A prototype trap comprising 60 cm3 of cotton wool saturated with powdered antimony trioxide followed by a 40 to 60 micron Teflon filter has been provided in line with an LMA-3 NO2 detector. The detector functioned without loss in ozone scrubbing efficiency over a 9 week period during which the unit was used to detect NO2 concentrations for atmospheric air having concentrations of ozone varying from 10 to 120 ppb. The duty cycle was 12.5%.
FIG. 4 shows the raw chart trace of actual ambient air measurements taken at Niwot Ridge, Colorado in July, 1987. These measurements show clearly the extent to which ozone can interfere with the LMA-3 when measuring very clean background air.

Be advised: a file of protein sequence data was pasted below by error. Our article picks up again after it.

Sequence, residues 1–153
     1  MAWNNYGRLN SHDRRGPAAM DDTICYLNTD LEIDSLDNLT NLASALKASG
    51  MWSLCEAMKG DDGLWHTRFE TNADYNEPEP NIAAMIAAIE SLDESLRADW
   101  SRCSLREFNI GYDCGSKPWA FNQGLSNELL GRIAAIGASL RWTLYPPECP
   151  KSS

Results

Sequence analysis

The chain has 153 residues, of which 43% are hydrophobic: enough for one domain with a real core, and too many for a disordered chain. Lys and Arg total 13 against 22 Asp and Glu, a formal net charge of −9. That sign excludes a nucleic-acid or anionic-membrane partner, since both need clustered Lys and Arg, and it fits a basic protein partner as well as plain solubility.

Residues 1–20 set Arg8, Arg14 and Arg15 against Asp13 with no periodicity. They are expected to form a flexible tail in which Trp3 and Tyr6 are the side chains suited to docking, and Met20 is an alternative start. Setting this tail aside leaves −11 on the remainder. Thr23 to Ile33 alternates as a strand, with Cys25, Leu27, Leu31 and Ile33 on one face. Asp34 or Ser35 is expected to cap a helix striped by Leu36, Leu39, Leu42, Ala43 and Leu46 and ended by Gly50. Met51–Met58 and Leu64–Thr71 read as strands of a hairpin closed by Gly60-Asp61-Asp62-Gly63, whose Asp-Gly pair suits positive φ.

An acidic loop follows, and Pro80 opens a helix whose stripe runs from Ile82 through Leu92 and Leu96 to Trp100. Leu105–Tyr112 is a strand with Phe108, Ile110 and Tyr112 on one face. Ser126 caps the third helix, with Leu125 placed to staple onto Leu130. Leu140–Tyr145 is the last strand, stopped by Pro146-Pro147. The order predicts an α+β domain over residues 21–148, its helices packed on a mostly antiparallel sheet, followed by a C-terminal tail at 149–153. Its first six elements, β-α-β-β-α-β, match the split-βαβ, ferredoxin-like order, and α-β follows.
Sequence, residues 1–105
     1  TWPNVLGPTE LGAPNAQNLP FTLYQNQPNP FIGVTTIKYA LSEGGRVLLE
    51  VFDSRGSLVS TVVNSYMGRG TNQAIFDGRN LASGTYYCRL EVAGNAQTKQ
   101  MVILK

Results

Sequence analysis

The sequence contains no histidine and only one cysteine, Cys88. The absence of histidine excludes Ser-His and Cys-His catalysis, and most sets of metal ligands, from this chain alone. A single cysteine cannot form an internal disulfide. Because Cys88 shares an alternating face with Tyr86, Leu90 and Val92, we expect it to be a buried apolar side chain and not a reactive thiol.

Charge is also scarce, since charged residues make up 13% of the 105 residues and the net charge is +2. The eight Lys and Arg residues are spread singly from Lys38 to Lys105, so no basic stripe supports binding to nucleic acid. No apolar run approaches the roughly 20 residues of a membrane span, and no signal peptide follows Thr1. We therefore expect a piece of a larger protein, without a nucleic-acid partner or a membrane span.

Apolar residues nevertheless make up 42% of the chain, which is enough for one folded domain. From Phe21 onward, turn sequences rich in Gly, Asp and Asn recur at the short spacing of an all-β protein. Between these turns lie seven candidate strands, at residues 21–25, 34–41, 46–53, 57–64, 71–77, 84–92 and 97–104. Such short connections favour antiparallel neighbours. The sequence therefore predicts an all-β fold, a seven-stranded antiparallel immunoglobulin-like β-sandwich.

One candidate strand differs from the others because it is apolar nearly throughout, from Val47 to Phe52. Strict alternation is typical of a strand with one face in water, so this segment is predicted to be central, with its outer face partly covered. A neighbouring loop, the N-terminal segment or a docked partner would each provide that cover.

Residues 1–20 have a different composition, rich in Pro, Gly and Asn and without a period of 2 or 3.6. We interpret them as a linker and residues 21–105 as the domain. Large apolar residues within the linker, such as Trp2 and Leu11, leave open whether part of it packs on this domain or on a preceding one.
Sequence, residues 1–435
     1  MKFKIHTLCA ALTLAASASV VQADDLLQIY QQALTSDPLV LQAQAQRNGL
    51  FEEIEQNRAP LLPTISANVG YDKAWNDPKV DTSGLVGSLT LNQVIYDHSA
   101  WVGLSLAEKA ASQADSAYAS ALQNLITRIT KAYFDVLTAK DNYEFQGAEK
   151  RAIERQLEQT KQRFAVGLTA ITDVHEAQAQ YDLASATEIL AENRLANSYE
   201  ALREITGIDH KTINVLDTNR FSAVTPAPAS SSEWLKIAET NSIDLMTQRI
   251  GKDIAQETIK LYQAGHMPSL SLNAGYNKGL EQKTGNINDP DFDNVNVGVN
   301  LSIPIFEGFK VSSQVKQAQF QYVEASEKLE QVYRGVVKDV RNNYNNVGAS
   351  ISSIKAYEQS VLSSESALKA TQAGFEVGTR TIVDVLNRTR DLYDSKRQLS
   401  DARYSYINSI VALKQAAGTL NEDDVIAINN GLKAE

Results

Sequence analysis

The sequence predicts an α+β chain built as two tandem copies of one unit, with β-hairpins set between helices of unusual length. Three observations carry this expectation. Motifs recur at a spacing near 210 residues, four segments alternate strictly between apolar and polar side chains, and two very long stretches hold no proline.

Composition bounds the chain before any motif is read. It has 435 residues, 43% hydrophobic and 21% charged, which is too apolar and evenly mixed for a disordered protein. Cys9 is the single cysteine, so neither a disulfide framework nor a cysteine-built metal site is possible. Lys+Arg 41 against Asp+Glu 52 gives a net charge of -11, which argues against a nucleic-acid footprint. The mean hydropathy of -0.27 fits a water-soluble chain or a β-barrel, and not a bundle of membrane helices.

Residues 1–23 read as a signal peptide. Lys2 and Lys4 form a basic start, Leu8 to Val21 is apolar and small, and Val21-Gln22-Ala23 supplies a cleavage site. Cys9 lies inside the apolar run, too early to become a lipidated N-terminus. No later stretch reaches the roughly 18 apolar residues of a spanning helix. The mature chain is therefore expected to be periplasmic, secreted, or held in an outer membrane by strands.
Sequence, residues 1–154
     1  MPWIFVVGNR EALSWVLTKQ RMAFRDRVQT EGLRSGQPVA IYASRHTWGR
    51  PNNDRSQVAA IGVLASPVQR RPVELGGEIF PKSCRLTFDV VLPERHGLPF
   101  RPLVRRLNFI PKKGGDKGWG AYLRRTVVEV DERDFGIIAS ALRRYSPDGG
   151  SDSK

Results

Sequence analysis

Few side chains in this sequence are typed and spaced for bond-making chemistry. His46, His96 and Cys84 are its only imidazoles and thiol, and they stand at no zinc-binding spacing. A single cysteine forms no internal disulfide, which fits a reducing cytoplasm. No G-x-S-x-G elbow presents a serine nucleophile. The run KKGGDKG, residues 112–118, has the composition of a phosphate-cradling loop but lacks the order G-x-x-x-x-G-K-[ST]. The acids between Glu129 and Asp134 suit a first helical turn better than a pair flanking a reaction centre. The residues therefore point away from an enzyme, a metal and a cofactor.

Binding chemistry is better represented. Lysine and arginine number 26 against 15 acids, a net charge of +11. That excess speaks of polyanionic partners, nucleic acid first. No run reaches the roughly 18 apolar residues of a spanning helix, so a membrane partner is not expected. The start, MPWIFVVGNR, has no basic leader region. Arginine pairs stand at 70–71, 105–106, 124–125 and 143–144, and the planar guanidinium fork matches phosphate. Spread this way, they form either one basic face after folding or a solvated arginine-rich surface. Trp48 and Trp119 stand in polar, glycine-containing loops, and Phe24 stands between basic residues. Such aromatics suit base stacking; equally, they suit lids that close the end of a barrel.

There are four different signals shown in FIG. 4, whose meanings are as follows. The zeros are the LMA-3 signals when the ambient air has been scrubbed of both ozone and NO2. They have been offset by 20 ppt to avoid the possibility of negative signals to the data logger. The ozone scrubbed mode gives the signal for NO2. During the data analysis, it must first be corrected by subtracting the zero signal. It should be noted that since the LMA-3 is non-linear in this measurement region, these data must first be corrected to obtain the actual ambient mixing ratios. The model curve shown in FIG. 2 could be used to correct for non-linearity. A further 1.04% correction must be applied to these data since the calibration was carried out with the ozone scrubber removed. The "NO2 " mode is named for historical reasons. It is the unscrubbed mode, so it actually represents the sum of ozone and NO2. The Figure shows the signal from a second LMA-3 that was used unmodified for reference purposes. These signals must also be corrected for non-linearities and zeros. Finally, the last signal represents Nox=NO+NO2, which was derived by passing the ambient air through a CrO3 converter.